Pody pulls Vanderbilt bill

A state bill that could jeopardize Vanderbilt University’s police force is dead in the water for now. Rep. Mark Pody is removing his Vanderbilt-targeted House Bill 1150 pending constitutional concerns. Pody announced Monday that he took his bill off notice in the House.
Mar 26, 2013

A state bill that could jeopardize Vanderbilt University’s police force is dead in the water for now.

Rep. Mark Pody is removing his Vanderbilt-targeted House Bill 1150 pending constitutional concerns.

Pody announced Monday that he took his bill off notice in the House.

“It wouldn’t do us any good to pass a bill and then find out that it’s just going to be overturned by the courts,” said Pody.

The controversial bill stemmed from Vanderbilt University's "all-comers" nondiscrimination policy, which required university student organizations to accept members regardless of beliefs.

Under HB 1150, universities could not sanction student organizations for denying membership based on beliefs, and the state could revoke private universities' authority to maintain a police force if the university did not comply.

The bill drew criticism from the state ACLU, and a recently released opinion from Tennessee Attorney General Robert Cooper Jr., questioned the constitutionality of the proposed bill, citing First Amendment and 14th Amendment concerns.

“…[T]his nondiscrimination requirement, as applied to private universities, likely violates the private universities’ right to free association protected by the First Amendment of the Constitution,” said Cooper in his opinion.

Additionally, the bill could violate the Equal Protection Clause of the 14th Amendment, according to Cooper.

“The constitutional infirmity of SB1241 is not cured by the fact that it withdraws the police power from private universities that exercise their right to free association rather than simply banning, outright, the exercise of that constitutional right,” said Cooper in his opinion. “It is well established that the state may not condition continued receipt of a valuable state benefit (here, the exercise of the state’s police power to commission and maintain a police force) on a private institution’s compliance with an unconstitutional condition.”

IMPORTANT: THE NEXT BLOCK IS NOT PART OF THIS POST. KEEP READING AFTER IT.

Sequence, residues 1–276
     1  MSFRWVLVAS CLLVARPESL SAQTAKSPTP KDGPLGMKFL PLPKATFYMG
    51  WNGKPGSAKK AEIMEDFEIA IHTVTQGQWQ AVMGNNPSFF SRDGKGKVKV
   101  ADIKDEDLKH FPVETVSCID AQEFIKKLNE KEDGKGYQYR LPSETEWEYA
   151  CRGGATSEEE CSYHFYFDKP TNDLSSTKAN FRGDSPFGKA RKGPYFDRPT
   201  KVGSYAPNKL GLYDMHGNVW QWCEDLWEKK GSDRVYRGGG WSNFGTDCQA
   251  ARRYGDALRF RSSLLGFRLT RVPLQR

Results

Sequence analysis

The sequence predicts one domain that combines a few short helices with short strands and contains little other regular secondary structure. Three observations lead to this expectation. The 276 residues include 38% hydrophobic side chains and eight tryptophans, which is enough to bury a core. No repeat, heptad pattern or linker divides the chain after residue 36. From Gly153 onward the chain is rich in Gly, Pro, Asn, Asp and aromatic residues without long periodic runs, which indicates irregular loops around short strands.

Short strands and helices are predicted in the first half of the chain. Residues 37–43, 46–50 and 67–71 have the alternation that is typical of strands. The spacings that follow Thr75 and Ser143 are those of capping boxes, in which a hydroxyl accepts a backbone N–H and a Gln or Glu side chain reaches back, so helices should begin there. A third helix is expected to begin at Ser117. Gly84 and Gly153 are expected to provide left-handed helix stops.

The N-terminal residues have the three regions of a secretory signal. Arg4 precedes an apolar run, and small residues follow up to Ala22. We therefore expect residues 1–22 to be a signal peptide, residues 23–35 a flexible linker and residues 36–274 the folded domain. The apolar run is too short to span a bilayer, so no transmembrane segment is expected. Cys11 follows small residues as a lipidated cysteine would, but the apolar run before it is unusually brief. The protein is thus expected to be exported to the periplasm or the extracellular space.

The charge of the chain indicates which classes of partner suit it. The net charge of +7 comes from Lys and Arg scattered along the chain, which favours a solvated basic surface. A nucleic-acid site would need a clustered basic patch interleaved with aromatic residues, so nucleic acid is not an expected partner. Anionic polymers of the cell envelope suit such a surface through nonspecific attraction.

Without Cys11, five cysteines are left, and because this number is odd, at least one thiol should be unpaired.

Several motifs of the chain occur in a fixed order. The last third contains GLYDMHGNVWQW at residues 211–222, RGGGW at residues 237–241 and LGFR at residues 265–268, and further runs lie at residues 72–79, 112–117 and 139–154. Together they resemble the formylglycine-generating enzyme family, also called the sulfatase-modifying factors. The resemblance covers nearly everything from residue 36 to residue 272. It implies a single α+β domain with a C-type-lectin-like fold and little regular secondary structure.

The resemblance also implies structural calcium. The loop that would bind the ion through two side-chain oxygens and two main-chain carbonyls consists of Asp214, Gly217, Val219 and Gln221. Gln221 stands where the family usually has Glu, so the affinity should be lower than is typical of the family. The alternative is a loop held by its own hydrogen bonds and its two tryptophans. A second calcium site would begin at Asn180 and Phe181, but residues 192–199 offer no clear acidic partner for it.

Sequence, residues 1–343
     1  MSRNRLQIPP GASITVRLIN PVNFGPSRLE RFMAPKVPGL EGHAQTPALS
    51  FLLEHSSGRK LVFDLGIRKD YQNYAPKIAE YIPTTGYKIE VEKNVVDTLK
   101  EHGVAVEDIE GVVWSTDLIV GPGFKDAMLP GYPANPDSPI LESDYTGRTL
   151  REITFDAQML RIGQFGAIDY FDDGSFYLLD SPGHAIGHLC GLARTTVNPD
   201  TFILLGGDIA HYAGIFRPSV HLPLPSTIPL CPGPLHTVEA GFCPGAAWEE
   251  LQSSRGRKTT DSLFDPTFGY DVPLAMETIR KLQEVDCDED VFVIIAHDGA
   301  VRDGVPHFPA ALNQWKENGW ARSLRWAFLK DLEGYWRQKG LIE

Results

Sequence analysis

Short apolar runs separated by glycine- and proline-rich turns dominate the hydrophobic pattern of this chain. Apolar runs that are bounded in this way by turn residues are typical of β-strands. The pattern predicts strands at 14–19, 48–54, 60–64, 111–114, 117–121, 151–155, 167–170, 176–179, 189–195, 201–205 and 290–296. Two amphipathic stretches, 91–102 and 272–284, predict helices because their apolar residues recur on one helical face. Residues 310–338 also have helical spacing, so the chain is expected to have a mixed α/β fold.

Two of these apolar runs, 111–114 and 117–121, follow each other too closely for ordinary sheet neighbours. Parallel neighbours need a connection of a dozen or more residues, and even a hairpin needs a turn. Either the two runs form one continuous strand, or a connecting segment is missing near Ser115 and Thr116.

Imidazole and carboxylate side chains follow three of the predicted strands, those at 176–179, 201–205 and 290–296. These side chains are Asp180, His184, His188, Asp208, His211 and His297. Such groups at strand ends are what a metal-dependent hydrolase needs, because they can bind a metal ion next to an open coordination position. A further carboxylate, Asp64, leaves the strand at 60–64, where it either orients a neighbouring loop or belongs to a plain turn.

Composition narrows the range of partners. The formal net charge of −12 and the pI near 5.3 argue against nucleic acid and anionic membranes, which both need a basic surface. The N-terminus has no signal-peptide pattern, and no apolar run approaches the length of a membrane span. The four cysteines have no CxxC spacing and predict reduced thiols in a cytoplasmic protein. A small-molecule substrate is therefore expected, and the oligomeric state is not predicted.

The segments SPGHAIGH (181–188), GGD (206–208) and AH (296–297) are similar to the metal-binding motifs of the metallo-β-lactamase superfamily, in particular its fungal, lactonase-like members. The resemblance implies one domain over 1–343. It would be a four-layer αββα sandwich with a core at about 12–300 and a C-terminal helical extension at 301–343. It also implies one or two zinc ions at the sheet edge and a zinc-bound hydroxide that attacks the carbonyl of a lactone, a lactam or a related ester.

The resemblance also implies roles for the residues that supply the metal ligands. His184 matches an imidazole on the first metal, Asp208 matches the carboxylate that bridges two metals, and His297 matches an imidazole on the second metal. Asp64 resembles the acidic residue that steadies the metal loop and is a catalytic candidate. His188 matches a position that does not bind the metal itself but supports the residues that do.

Pody said while Cooper’s opinion is just that – an opinion – it is also one of the most reliable opinions possible in the state.

“I want to be sure to stand up for our students’ religious rights without overstepping our state authority." Pody said.  “I don’t see a reason for us to pursue this if there would be other ways, especially if we could do it without using the police department.”

With this latest move by Pody, Vanderbilt’s police department is out of the hot seat for now.

“We are pleased that it appears the legislation will not move forward and that the Vanderbilt University Police Department can focus on protecting the large population of people who live and work on and near the Vanderbilt campus,” said Beth Fortune, Vanderbilt’s vice chancellor for public affairs, in a statement released after Pody’s announcement. “We want to further reinforce our commitment to ensuring that student religious life is alive and well on the Vanderbilt campus, and our dedication to ensuring the ability of all to enjoy that privilege continues.”

While Vanderbilt may be free from the threat of HB 1150, Pody is still not ruling out future legislation or alternate actions. He said he still believes Vanderbilt University’s "all-comers” policy is a violation of the Tennessee Constitution, Article 1 section 3 concerning religious freedom, and he has suggested student consider legal actions in the meantime.

“I do believe the students do have the rights to go through this in the judicial process, and that might be the better avenue at this point,” said Pody.

Sen. Mae Beavers, sponsor for the related Senate Bill 1241, was unavailable at press time to confirm the fate of the companion bill, but Pody said it was unlikely it would proceed through the Senate.

“The Senate usually doesn’t hear anything that isn’t going anywhere in the House because they won’t waste their time,” said Pody.

Without a corresponding House bill, the Senate bill could not become law.

“It’s not that I’m giving up on the whole idea or trying to run from it – it’s something I believe in – I’ve just got to make sure that we’re doing it in the most prudent fashion that we can,” said Pody.

He said if replacement legislation is proposed, it wouldn’t be until January.

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